At the same timethat such strong and ambivalent feelings are being expressed about the church, people remain interested in spiritual matters. Spirituality is newsworthy and remains marketable. Pollsters report on religious trends and affiliations. Popular television programs from Touched by an Angel to NYPD Blue regularly address spiritual matters. Also, the increased plurality of North American society and the visible presence of Eastern religions have heightened our consciousness of spiritual traditions and the spiritual life. People are consistently providing evidence that there is a deep-seated craving for religious sensibilities and rituals. Even taking into account the sentimentality triggered by the Christmas holiday season, the notable increase in attendance at Christmas Eve services can be partly attributed to the fact that people want to connect in some way with the holy mystery of the Christmas event. Some men and women openly confess the need to feel more spiritually connected and alive. These needs are frequently demonstrated through pursuits that seek to merge the psychological, medical, and spiritual paradigms. Zealous interest in Yoga, Tai Chi, massage, meditation, and relaxation therapies, and chiropractic, homeopathic, and naturopathic care indicates that ours is a time of intense personal and social yearning for spiritual wholeness.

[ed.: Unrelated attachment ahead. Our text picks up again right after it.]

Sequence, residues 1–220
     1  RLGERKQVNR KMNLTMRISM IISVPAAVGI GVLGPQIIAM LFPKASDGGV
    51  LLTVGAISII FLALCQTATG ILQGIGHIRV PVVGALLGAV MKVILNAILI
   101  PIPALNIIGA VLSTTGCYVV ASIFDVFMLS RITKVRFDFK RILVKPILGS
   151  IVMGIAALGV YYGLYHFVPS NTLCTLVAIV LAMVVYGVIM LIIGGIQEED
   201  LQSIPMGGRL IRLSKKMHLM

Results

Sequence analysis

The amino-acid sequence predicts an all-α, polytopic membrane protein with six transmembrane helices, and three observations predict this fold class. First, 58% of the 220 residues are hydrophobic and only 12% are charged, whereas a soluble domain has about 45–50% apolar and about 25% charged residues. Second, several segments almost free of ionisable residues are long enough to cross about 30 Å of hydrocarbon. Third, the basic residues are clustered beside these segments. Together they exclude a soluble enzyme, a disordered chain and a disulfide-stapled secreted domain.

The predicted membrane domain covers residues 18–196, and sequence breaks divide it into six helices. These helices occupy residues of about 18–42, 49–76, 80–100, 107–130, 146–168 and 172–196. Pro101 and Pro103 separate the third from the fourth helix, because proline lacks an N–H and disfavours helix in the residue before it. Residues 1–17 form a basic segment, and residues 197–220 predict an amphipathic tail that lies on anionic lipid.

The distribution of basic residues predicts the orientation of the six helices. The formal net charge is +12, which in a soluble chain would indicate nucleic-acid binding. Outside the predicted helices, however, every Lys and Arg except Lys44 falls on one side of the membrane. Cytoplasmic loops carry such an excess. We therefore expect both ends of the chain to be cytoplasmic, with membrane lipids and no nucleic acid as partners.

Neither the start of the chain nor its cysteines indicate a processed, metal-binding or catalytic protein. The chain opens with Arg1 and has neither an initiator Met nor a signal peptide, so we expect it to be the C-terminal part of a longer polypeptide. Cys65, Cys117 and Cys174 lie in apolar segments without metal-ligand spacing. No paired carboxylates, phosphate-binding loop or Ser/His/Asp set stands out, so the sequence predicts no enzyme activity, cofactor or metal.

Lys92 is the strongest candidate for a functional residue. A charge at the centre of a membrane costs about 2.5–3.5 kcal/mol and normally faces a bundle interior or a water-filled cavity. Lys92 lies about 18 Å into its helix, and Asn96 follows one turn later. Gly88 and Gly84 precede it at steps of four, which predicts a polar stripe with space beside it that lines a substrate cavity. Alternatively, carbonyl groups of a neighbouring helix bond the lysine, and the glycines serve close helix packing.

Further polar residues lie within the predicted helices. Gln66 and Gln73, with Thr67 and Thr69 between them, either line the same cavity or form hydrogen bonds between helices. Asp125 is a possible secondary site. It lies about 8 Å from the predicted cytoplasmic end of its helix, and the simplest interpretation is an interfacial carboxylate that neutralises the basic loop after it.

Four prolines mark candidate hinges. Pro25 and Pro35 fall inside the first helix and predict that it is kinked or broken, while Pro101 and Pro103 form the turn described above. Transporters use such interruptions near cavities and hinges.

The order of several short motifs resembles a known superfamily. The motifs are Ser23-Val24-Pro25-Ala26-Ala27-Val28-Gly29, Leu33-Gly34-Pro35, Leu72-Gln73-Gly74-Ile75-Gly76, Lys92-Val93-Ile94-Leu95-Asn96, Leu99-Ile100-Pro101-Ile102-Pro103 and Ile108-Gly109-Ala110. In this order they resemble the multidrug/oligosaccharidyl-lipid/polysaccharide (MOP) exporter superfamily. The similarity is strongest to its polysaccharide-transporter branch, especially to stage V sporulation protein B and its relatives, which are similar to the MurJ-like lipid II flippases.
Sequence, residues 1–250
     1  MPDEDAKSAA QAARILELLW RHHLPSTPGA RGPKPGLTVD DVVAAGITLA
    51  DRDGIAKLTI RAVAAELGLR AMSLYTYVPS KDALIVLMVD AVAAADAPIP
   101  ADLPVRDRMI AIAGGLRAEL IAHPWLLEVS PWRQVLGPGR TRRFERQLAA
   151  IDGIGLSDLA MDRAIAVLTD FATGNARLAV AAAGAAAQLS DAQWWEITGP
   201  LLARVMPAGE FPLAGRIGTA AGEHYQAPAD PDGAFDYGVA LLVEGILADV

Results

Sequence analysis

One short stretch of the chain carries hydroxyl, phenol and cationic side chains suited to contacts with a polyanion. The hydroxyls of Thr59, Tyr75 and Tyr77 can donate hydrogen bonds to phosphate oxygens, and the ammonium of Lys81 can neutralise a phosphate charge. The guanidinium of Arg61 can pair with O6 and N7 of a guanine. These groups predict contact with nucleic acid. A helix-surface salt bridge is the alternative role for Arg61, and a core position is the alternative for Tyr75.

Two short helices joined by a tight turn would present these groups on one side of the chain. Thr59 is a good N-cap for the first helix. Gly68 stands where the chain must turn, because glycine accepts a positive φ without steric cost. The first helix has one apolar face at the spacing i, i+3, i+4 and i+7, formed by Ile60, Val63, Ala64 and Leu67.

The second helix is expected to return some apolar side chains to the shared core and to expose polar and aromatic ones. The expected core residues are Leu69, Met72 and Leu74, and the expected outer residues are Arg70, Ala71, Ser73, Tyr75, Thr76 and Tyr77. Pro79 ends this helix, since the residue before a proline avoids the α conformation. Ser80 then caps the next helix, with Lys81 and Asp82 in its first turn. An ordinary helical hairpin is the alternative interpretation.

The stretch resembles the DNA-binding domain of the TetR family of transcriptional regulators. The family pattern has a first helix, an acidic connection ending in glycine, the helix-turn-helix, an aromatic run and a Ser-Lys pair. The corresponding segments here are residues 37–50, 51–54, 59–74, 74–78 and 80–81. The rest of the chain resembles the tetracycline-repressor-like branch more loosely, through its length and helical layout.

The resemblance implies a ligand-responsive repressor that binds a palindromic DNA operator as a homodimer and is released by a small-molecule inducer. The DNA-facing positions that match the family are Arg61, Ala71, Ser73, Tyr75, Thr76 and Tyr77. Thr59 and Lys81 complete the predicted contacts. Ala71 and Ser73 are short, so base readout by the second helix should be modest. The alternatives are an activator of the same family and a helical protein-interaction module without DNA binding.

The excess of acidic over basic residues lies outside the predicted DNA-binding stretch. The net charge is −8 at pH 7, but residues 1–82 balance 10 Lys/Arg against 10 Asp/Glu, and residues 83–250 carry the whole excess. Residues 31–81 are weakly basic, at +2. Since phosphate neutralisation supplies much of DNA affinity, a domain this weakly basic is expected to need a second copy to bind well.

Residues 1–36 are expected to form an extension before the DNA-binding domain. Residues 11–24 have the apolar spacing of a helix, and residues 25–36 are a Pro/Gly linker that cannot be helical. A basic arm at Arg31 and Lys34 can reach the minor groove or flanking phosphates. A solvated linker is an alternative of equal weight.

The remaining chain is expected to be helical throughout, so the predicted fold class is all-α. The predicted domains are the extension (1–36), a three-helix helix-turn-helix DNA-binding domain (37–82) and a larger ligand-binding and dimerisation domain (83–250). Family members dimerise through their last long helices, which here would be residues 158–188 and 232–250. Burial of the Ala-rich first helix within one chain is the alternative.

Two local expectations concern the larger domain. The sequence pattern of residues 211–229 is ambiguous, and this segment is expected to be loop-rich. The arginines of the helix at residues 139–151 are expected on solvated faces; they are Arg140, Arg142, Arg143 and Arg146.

In such a climate, it is not surprising that enrollment levels for university and college religious studies courses have soared. People are devising personal spiritual belief systems and seeking with renewed vigor places and practices that put them in touch with spiritual values. Most bookstores contain entire sections on New Age spirituality, women's and men's spiritualities, and alternative health. The number of books (including this one!) published in the last few years with the word soul in their titles is staggering. We gorge on books, hoping to digest clues for fixing our bodies, our businesses, our relationships, our addictions, and now even our souls. No longer are retreat centers the sole/soul enterprise of the church. All sorts of healing, inner renewal, and spirituality centers are springing up in a secular context, advertised as getaway places from the stresses of work and our technological addictions. Alternative and holistic approaches to caring for body, mind, and soul are rapidly finding their way into an eager consumer-driven market. Attending to the soul, in all its emptiness and fullness, has now become a trendy and profitable enterprise. When our hunger is so intense, it seems that we will eat anything put before us that promises nourishment.

Many pastoral caregivers are acutely aware that people are desperately seeking to make connections with holiness, the mystery of life, and the divine force of creation. The reordering of priorities brought about by a decrease in financial resources, changes in employment and work patterns, and external stresses placed upon personal time commitments has led to a lack of balance in life. Many people simply are overextended and unable to discern what leads to a balanced life and what leads to burnout and long-term disability, the new dis-eases of our time. The fact of change has produced increased anxiety and turned up the volume of noise in our souls. So, too, the ever-widening gap between the haves and the have-nots and a growing discomfort with the idolatrous nature of consumerism have evoked in many a quest for simplicity and a renewed spiritual life.